The dominance of the iOS ecosystem is the reason why Apple will not become the next Palm or Research In Motion (RIMM). Switching costs for Apple users are very high compared to Blackberry users. When I made the transition from my Blackberry to an iPhone, I was up and running in a matter of minutes with all of my contacts, calendars, music, etc. -- the phone had no real legitimate apps to speak of back then. The same cannot be said when switching from the iPhone to its competitor, as at a bare minimum an entirely new set of apps must be downloaded. This often-overlooked barrier to entry is one of Apple's greatest strengths.
Below I present three possible scenarios and the potential returns for Apple options. The first scenario represents a negative outlook for Apple while the final two scenarios are more reasonable. These scenarios are just projections and there is no guarantee that they will come to fruition. Even if you are optimistic, it is important to generate both positive and negative circumstances in order to stress your assumptions. As a general rule, selling calls with higher strike prices has greater potential return but additional risk of loss due to the lower (or lack of) downside protection. For more information on the fundamentals of covered calls, please consult Investopedia.
Additionally, if you would like even more information, I have prepared a sensitivity analysis for absolute return and percent returns, respectively. After studying the information above, these two charts make it easy to pick a strike price based on where you believe Apple will close at the end of the week. Estimate where you believe Apple will close and select the strike price with the highest return.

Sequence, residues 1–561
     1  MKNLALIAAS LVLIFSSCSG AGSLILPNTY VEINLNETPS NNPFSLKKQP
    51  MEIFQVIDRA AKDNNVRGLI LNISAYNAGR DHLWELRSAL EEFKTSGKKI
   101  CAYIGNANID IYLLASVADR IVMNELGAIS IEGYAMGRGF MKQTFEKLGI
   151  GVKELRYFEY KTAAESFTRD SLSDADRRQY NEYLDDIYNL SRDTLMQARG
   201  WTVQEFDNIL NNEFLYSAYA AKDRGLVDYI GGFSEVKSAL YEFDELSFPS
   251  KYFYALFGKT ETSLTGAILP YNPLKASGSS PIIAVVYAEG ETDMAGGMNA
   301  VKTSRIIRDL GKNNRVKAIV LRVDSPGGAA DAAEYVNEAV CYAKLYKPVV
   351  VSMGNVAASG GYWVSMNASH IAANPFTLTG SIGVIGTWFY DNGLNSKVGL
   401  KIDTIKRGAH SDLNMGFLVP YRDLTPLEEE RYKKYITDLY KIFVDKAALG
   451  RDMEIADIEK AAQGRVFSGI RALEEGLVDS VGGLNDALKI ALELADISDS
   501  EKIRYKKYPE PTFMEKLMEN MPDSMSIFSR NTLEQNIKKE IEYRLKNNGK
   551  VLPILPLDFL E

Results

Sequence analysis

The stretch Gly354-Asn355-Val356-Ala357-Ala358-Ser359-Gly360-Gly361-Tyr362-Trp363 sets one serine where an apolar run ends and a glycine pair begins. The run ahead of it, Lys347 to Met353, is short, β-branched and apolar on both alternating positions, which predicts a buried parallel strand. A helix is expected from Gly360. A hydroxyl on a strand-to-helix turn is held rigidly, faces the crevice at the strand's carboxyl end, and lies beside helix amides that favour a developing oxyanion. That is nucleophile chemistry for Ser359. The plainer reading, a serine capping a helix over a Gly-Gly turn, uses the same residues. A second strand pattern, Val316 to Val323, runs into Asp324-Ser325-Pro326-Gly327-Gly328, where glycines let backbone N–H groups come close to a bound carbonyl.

With this information, executing a buy-write on AAPL April 13 (Weekly) 640s is the optimal risk/return strategy. This makes for an excellent trade if you are not currently long Apple; however, if you are a long-term Apple investor I would exercise restraint because you are likely sitting on significant unrealized gains. If that describes you situation, you might want to consider 645 or greater covered calls, but first please consult with your accountant or personal financial planner.
If you are uncomfortable with this strategy I suggest a buy-write in the range of 620-640s. Even if you are extremely bullish you can still profitably sell covered calls; Apple is volatile enough that you will have opportunities to repurchase on dips. An alternative approach is to sell out-of-the-money 625 puts and collect the premium without having to purchase the stock outright. Note that if the stock declines to the strike price, you are obligated to buy the stock (or close out the position).